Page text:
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China’s Demand to Buy Gold ‘Gets Voice’


China’s Demand to Buy Gold ‘Gets Voice’ as Shanghai Fix Starts, Silver Jumps 5%

Adrian AshBullion.Directory precious metals analysis 19 April, 2016
By Adrian Ash

Head of Research at Bullion Vault

GOLD prices in the wholesale market hit 4-session highs above $1250 per ounce Tuesday lunchtime in London, building on strong overnight gains starting when China’s Shanghai Gold Exchange held its first-ever afternoon benchmarking auction.

The price of silver meantime leapt almost 5%, hitting its highest Dollar level since May 2015 above $17 per ounce, as commodities bounced hard and Western stock markets rose once more.

“Chinese demand to buy gold struggles to move the international price,” said state newspaper The China Daily, leaving “domestic investors, consumers and miners, retailers to follow the European market” rather than help set prices.

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Built from demand and supply to buy gold gathered together by 12 banks and 5 other players, the SGE’s first afternoon benchmark in Yuan fixed Tuesday at CNY257.29 per gram at 2.15pm in Shanghai.

Equivalent to more than $1236 per ounce, that showed a premium to international spot-market mid-prices of $5.80 per ounce.

The auction coincided with a small blip in global prices, marking the start of Tuesday’s sharp 1.7% rise in Dollar terms.

Chart of Dollar gold price as Shanghai Gold Exchange launches first Yuan benchmark fix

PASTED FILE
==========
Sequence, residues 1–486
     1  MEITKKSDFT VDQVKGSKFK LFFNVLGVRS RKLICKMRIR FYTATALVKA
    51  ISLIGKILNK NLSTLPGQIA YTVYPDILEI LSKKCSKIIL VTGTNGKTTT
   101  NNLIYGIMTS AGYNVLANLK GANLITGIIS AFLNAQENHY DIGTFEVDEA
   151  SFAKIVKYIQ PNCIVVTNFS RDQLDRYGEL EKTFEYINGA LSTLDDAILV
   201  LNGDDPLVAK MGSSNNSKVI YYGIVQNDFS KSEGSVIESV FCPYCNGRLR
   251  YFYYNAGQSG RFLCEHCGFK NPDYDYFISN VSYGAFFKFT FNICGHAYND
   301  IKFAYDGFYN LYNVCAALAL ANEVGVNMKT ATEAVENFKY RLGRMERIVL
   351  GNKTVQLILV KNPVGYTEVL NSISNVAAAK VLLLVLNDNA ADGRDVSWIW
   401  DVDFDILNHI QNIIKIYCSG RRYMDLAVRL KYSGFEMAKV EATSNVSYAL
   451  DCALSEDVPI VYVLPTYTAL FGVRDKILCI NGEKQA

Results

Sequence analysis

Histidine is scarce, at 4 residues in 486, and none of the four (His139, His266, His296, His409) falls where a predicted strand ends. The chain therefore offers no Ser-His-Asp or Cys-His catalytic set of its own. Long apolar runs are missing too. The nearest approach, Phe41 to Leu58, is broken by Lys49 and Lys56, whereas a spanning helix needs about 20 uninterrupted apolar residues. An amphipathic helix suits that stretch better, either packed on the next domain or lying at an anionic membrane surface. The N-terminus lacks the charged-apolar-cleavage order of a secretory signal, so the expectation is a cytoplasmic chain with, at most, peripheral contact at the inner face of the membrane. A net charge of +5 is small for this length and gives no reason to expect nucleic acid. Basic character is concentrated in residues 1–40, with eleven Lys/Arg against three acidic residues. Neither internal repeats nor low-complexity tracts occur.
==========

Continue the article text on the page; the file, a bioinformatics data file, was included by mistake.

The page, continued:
Trading volume in Shanghai’s main spot contract meantime fell to an 8-session low, down by almost one-third from Monday’s total.

Despite rising in Yuan terms, the price of that Au(T+D) contract then ended Tuesday trade at a $5 discount to global quotes, as the Chinese price lagged the jump in Dollar prices to buy gold.

“The price is in accordance with China’s standard .9999 fine kilobars,” explains Jiang Shu, chief analyst for Shandong Gold Financial Holding Co., a subsidiary of the giant state-owned Shandong mining and processing group, “to better reflect market supply and demand in China, rather than the international movement.

“The new benchmark isn’t intended to follow price fluctuations in London or New York. The more important issue is China’s voice in gold pricing.”

“As long as it exists inside a closed monetary system,” agrees French investment bank and bullion market maker Societe Generale’s analyst Robin Bhar to Bloomberg, the new China Gold Fix “will have limited global repercussions.”

China is the world’s heaviest importer of gold, but exports of bullion – back onto tradable markets elsewhere – are banned.

“For a truly efficient benchmark,” says Bhar, “the market has to be as unimpeded and unfettered as possible.”

The surge in silver prices meantime pushed the Gold/Silver Ratio of relative prices down to its lowest level since November at 73.7 and sharply below February’s near-decade highs above 80 ounces of silver per 1 ounce of gold.

“Silver looks poised to grind higher towards 18.50,” reckons  a new chart note from Bhar’s technical analysis colleagues at SocGen, pointing to several factors “but not least the projected target” from the inverted Head and Shoulder pattern which the metal “confirmed [by] breaking $16.15 levels.”

This article was originally published here
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